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dc.contributor.authorEyice, Öen_US
dc.contributor.authorSchäfer, Hen_US
dc.date.accessioned2015-12-18T14:37:47Z
dc.date.available2015-10-03en_US
dc.date.issued2016-01en_US
dc.date.submitted2015-11-19T10:31:43.451Z
dc.identifier.urihttp://qmro.qmul.ac.uk/xmlui/handle/123456789/9963
dc.description.abstractOne-carbon compounds such as methanol, dimethylsulfide (DMS) and dimethylsulfoxide (DMSO) are significant intermediates in biogeochemical cycles. They are suggested to affect atmospheric chemistry and global climate. Methylotrophic microorganisms are considered as a significant sink for these compounds; therefore, we analyzed the diversity of terrestrial bacteria that utilize methanol, DMS and DMSO as carbon and energy source using culture-dependent and culture-independent methods. The effect of habitat type on the methylotrophic community structure was also investigated in rhizosphere and bulk soil. While thirteen strains affiliated to the genera Hyphomicrobium, Methylobacterium, Pseudomonas, Hydrogenophaga, Rhodococcus, Flavobacterium and Variovorax were isolated, denaturing gradient gel electrophoresis revealed the dominance of Thiobacillus, Rhodococcus, Flavobacterium and Bacteroidetes species. Furthermore, methylotrophic communities that degrade methanol or DMS are not shaped by terrestrial habitat type. Rhizosphere and soil samples showed dominance of Methylophilus spp. and Methylovorus spp. for methanol enrichments; Cytophaga spp., Pseudomonas tremae and Thiobacillus thioparus for DMS enrichments.en_US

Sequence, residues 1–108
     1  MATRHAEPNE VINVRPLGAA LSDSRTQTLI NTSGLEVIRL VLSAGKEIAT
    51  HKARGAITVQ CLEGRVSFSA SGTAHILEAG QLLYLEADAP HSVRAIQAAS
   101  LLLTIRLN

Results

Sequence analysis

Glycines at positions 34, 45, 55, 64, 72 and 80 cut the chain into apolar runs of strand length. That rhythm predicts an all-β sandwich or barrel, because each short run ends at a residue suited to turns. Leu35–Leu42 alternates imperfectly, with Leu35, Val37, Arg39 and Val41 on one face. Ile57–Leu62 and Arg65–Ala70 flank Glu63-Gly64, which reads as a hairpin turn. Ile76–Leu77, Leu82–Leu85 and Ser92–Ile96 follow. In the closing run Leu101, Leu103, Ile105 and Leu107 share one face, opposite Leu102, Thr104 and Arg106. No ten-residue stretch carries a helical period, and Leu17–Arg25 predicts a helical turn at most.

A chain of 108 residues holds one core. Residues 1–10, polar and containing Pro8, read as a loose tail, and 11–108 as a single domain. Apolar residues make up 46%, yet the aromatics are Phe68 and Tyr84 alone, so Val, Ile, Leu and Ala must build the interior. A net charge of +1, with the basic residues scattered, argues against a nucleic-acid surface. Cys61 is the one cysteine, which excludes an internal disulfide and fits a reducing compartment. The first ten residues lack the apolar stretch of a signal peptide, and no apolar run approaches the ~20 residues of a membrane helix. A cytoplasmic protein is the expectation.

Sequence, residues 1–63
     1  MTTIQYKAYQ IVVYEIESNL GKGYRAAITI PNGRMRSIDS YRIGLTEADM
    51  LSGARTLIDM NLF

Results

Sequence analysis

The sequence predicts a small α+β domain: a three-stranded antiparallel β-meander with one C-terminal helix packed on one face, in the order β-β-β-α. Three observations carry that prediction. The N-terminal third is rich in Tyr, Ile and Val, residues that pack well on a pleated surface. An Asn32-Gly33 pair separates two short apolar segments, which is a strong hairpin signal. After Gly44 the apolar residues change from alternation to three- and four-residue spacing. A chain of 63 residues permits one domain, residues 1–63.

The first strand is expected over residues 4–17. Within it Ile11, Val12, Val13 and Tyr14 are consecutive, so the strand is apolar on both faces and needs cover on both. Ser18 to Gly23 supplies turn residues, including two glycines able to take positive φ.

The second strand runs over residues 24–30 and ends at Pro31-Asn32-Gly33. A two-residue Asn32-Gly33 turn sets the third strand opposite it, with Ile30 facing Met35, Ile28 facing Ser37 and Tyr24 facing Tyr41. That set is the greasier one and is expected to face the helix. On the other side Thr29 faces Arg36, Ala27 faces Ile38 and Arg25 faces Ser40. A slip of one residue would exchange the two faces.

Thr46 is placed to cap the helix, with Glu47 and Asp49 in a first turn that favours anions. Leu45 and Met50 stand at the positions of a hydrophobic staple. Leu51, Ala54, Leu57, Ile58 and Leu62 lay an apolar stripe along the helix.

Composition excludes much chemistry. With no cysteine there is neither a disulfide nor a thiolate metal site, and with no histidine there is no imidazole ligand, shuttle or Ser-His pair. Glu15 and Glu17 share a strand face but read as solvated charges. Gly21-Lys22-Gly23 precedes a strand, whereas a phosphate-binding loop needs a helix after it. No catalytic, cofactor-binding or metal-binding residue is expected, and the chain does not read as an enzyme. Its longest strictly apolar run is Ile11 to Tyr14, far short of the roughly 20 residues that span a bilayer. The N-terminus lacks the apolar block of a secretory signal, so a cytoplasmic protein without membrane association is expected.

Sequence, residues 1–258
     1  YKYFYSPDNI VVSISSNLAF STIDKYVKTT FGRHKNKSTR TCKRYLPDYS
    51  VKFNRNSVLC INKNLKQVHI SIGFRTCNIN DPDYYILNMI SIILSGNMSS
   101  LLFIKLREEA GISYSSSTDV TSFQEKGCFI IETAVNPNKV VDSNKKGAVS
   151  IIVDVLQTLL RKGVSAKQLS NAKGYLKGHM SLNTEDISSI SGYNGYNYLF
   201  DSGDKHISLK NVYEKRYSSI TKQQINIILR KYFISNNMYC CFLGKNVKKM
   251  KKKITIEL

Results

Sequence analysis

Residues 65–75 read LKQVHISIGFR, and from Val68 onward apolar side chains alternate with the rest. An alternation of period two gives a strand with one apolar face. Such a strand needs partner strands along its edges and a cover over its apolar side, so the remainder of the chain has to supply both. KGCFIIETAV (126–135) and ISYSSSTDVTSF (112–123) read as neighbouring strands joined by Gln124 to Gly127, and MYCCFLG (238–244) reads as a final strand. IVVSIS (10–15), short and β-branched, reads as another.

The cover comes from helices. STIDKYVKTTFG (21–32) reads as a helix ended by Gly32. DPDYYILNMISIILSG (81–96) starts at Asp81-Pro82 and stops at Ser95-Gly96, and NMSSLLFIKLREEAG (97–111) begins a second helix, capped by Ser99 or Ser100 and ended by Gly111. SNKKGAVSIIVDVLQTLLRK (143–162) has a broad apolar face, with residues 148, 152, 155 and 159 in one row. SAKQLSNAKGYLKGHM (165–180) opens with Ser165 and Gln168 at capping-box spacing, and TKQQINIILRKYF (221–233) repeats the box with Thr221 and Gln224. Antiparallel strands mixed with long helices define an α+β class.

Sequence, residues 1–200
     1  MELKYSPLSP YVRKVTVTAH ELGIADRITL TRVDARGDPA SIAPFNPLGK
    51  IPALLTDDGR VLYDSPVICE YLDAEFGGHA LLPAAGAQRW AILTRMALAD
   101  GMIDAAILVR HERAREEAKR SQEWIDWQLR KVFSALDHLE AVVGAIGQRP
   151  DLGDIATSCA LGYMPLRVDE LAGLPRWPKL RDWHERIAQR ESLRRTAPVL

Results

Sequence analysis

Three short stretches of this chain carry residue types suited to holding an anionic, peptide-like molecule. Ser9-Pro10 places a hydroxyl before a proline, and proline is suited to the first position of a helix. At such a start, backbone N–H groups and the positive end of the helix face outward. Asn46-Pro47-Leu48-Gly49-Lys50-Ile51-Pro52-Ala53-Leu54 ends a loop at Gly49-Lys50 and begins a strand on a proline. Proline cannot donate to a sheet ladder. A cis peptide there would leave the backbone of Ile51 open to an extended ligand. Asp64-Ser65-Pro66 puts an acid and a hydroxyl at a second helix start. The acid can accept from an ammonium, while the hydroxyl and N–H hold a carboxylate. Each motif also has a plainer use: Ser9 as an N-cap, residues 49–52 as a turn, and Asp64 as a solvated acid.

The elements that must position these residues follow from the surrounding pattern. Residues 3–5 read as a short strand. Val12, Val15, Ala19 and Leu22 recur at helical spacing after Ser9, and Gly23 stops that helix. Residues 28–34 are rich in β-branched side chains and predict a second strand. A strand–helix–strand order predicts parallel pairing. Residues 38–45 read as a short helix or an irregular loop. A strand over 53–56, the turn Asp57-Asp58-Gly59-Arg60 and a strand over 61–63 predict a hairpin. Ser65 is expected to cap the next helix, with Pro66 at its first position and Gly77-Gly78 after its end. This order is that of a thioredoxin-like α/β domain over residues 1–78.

dc.description.sponsorshipH.S. was supported by UK Natural Environment Research Council Grant NE/E013333/1), and Ö.E. was supported by a postgraduate scholarship from School of Life Sciences, University of Warwicken_US
dc.format.extent17 - 26en_US
dc.languageengen_US
dc.language.isoenen_US
dc.relation.ispartofArch Microbiolen_US
dc.relation.replaces123456789/11192
dc.relation.replaceshttps://qmro.qmul.ac.uk/handle/123456789/11192
dc.rights• “The final publication is available at Springer via http://dx.doi.org/10.1007/s00203-015-1160-x”
dc.subjectBacteriaen_US
dc.subjectBacteriological Techniquesen_US
dc.subjectBacteroidetesen_US
dc.subjectBiodiversityen_US
dc.subjectEcosystemen_US
dc.subjectHyphomicrobiumen_US
dc.subjectMethanolen_US
dc.subjectMethylobacteriumen_US
dc.subjectSoil Microbiologyen_US
dc.titleCulture-dependent and culture-independent methods reveal diverse methylotrophic communities in terrestrial environments.en_US
dc.typeArticle
dc.rights.holder© Springer-Verlag Berlin Heidelberg 2015
dc.identifier.doi10.1007/s00203-015-1160-xen_US
pubs.author-urlhttps://www.ncbi.nlm.nih.gov/pubmed/26475353en_US
pubs.declined2015-11-19T10:42:29.307+0000
pubs.issue1en_US
pubs.merge-from123456789/11192
pubs.merge-fromhttps://qmro.qmul.ac.uk/handle/123456789/11192
pubs.notesNot knownen_US
pubs.publication-statusPublisheden_US
pubs.volume198en_US
dcterms.dateAccepted2015-10-03en_US


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